X-ray and computed tomography right elbow showed features of osteolytic lesion involving right lateral humeral condyle just adjacent to olecranon fossa (Fig. 2a and b). On September 05, 2018, through posterior triceps splitting approach lesion, we visualized the olecranon fossa. Preoperatively, olecranon fossa was not breached, and hence, at lateral margin of olecranon fossa was burred to reach the lesion. A bit of red tissue like granulation tissue was identified and curetted out. After extended curettage of lesion with burr, the defect was packed with bone substitute vancomycin-impregnated calcium sulfate (Stimulan) beads as we suspected infection (Fig. 3). Surprisingly, the biopsy was reported as an intraosseous arteriovenous malformation (Fig. 4). Culture of the tissue showed no growth, following surgery, the patient had excellent relief of pain. Postoperatively, the patient was followed up at 1 month, 3 months, 6 months, and 1 year and he gradually recovered full range of elbow motion with incorporation of bone graft substitutes (Fig. 5).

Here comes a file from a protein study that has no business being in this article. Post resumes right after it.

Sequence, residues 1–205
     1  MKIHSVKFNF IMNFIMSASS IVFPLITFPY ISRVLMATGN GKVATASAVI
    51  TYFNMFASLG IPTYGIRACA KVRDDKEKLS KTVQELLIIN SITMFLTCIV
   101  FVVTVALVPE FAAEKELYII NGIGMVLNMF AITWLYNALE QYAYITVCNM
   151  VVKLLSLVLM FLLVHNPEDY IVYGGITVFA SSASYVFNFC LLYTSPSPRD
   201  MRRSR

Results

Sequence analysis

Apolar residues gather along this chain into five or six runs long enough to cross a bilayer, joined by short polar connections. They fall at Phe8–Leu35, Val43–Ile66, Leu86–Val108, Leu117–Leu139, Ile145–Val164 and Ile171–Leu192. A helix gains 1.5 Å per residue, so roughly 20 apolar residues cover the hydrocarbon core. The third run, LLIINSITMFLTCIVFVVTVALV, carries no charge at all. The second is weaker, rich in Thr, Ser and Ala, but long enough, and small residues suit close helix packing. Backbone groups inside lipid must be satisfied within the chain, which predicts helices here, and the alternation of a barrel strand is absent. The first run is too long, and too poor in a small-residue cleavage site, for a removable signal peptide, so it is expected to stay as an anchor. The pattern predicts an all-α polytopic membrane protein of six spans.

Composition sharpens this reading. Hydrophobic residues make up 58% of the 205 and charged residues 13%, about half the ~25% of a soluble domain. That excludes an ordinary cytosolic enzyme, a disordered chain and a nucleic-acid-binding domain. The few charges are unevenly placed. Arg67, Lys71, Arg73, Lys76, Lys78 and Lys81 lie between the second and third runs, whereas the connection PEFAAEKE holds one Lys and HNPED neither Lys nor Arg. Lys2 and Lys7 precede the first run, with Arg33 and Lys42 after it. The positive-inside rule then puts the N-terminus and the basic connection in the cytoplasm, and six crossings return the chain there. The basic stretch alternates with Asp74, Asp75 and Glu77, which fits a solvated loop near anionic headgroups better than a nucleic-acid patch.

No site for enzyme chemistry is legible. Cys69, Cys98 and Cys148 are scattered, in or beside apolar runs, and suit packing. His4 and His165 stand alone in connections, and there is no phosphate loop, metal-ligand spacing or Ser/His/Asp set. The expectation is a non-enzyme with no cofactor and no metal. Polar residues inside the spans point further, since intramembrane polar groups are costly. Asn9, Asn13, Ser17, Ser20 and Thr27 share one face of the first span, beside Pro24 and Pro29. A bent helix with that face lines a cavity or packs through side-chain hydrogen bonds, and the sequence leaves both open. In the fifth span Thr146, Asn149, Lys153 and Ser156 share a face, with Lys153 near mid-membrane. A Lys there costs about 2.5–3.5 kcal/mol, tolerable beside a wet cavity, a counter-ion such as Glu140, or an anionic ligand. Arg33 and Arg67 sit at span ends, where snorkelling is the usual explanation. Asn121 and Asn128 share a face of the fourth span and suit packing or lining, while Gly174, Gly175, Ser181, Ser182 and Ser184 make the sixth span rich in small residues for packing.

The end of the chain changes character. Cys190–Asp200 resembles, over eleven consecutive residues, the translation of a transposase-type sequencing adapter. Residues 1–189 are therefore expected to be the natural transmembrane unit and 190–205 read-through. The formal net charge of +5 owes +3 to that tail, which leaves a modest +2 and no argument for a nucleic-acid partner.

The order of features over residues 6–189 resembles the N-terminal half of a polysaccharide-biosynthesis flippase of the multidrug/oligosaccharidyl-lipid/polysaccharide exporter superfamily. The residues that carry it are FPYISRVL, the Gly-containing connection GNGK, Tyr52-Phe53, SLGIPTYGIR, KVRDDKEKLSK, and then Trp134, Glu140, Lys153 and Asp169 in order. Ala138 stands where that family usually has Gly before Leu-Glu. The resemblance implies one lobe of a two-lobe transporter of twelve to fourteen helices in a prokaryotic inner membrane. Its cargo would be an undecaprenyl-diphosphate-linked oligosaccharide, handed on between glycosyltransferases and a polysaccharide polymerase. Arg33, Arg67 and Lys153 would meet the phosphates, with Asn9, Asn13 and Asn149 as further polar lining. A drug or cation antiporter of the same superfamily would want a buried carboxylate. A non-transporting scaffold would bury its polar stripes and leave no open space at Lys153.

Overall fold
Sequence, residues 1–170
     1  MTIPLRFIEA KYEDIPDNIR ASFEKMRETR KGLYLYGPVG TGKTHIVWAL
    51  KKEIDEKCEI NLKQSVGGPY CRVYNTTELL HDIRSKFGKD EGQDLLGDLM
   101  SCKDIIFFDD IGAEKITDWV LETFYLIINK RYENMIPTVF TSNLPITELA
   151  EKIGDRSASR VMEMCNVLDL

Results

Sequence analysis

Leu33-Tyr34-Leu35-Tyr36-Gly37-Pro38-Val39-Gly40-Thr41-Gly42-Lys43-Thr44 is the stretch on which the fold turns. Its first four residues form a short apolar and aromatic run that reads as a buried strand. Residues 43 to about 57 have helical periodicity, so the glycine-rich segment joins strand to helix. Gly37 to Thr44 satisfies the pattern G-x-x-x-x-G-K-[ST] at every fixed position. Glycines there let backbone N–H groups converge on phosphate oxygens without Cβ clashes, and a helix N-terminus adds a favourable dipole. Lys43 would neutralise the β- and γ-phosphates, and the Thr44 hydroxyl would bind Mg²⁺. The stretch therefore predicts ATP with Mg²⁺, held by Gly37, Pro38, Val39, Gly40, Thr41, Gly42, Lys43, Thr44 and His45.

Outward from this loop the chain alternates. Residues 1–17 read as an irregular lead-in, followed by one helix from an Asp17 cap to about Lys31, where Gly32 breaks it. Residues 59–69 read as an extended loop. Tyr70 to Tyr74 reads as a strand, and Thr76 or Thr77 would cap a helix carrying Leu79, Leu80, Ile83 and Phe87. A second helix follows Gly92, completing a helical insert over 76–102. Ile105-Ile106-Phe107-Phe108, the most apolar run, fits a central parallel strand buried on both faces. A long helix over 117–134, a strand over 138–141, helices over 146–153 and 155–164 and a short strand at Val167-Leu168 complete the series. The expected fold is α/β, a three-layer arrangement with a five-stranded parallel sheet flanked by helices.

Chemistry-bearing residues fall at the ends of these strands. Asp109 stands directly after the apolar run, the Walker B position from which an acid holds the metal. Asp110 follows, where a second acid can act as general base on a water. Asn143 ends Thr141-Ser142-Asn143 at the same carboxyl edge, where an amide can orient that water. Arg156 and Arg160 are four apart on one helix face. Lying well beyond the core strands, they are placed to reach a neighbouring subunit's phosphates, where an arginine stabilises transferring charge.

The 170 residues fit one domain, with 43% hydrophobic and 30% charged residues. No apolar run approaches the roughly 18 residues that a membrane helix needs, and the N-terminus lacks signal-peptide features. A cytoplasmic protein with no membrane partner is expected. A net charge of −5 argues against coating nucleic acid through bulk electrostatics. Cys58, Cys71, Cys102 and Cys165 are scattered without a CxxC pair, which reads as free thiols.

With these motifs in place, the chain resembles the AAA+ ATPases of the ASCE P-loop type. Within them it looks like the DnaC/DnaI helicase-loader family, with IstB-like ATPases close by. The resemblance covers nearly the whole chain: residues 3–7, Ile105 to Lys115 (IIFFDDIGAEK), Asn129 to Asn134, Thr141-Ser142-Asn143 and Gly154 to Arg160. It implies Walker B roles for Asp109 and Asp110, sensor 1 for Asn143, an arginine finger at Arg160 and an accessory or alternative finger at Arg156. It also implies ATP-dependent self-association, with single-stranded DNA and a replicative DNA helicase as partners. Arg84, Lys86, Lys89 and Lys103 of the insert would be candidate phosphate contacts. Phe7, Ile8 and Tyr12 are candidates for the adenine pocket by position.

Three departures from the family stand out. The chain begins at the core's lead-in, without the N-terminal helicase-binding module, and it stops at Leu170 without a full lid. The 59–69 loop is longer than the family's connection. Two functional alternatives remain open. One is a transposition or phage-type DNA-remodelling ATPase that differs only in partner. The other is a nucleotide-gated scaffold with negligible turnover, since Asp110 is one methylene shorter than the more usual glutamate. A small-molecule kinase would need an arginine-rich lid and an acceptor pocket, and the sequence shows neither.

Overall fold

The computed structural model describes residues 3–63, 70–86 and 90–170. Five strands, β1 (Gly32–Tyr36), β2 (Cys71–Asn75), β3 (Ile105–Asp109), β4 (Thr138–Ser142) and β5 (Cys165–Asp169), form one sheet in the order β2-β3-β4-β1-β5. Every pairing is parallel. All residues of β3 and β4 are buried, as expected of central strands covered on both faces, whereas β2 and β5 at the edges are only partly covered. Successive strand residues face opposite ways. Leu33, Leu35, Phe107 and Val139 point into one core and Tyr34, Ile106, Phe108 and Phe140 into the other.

Discussion